The day ended off wonderfully as a visit to a traditional Iranian restaurant was planned for the first evening. The cultural warmth quickly became apparent with the eagerness to show us – their guests as they put it – the local culture; so the first adventure began and all the workshop delegates climbed into a big bus and were transported into the town with popular Iranian songs filling the air from the taxi speakers, exciting much clapping and dancing from the local participants. Most of the restaurant had been booked up to accommodate us and we were introduced to the traditional way of eating out with beautifully designed alcoves lining the walls and distinctly Persian carpets and cushions padding these eating areas.
Accordingly, we removed our shoes and edged into the eating areas, happily awaiting the experience of trying traditional Iranian food. Most of it we could not identify and were told it was mainly different mixtures of beans and eggplant. What we could identify where some salad components and delicious chicken and beef sosaties. The rest, I’m afraid, will forever remain a mystery. The experience was halved between really delicious foods and – perhaps would be best described as – an interesting emprise in the culinary sector.
The festivities were accompanied by a band playing traditional instruments, serenading the different groups during the meal and a session of singing and dancing broke out afterwards amongst the locals.
Tuesday yielded a break from the workshop with a day trip to the ancient Takht-e Soleyman (“The Throne of Solomon”) ruins! Apparently, a religious sanctuary built by the Sasanian rulers between the 3rd and 7th century A.D., it is set in a volcanic mountainous region and boasts a strong influence of Islamic architecture. Listed as a world heritage site by UNESCO, it promised to be quite an adventure (see http://whc.unesco.org/en/list/1077 for info). Armed with sunscreen, cameras and an appropriate amount of tourist enthusiasm, we all boarded a bus again and set off in the early hours of the morning. Being grateful for curtains on the windows we braved the 3-hour drive in the heat and arrived mid-day, beginning the exploration in this history-rich place.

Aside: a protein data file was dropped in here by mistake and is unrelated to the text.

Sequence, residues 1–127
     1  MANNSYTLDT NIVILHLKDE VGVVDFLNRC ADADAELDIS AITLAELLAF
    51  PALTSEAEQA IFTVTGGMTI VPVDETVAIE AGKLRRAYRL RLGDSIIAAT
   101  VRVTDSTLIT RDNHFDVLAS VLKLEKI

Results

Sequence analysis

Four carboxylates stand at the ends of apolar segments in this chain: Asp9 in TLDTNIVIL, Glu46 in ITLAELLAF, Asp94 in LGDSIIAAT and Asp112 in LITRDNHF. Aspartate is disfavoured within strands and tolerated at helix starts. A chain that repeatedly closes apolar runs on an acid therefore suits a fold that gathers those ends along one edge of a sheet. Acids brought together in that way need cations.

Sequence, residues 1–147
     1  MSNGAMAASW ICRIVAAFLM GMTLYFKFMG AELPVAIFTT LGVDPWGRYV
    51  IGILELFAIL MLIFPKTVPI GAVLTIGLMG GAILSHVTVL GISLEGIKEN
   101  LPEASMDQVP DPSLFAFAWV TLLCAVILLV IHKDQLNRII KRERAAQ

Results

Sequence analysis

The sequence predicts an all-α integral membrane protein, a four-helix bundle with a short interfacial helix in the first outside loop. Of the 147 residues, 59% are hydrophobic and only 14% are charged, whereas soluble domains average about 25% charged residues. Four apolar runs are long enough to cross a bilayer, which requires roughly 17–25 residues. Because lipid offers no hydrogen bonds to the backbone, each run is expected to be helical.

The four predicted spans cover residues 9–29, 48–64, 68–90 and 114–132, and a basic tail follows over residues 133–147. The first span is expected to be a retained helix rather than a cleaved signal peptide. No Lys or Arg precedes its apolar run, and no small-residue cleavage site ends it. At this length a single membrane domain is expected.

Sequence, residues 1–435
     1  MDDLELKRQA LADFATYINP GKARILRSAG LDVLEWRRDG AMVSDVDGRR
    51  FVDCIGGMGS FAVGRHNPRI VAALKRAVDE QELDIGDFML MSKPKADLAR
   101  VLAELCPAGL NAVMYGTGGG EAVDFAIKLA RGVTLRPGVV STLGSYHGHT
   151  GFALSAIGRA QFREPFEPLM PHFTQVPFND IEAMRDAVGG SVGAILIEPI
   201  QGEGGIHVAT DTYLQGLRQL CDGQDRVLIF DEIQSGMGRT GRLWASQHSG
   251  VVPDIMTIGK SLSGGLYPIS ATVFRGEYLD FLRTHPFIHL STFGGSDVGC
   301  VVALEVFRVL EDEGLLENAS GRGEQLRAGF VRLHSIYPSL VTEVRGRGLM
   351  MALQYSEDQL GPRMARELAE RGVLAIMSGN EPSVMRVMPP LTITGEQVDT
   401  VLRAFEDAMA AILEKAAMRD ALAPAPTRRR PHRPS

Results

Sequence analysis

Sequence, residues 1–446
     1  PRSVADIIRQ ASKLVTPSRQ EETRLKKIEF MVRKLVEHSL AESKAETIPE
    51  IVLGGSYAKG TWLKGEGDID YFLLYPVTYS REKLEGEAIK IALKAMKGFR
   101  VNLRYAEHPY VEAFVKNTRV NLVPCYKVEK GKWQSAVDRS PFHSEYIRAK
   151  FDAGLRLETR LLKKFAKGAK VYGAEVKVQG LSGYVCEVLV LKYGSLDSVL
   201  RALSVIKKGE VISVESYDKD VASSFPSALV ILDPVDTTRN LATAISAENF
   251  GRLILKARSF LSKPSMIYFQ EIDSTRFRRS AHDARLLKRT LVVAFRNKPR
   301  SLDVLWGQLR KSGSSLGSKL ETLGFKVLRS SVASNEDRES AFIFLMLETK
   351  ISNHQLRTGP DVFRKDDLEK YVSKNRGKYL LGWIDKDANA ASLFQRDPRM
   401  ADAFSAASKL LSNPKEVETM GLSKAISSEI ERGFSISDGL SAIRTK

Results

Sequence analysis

A main attraction of the ruins was a thermal lake, fed by natural springs and subsequently kept at 21 degrees all year round. We watched longingly as it shimmered in the heat, however, it is deemed a sacred lake by the locals, rumored to be where monsters were imprisoned by King Solomon. Apparently anyone who enters shall never return and yes, of course, there was also talk of a buried treasure hidden within its dangerous, mysterious depths. Alas, no swimming was allowed and we could but look on at the stunning view amidst the arid surroundings – no wonder they built a sanctuary there in ancient times!
The surrounding structures became quite engrossing once one started walking around, almost as if it was beckoning one to investigate every possible corner, all imprinted with the mysteries and secrets of a past civilization. Many of the structures were well intact and you could make out the halls, arches, protective walls and many of the different rooms of this ancient treasure of history.
Another evening, close to the end of the trip, we went gallivanting off to a traditional market close by to experience more of the local colour and undertake the noble pursuit for souvenirs. Our difference in ethnicity made us a bit of an attraction, receiving many curious glances, stares and photo requests, but alas, there was no fear as Habib, a PhD student who was graciously showing us around, played translator and guide; introducing us to many of their customs and traditional drinks – one of which we chanced a try – a neon colored liquid with little fun, squishy, round seeds floating around like a bubble party: utterly delicious!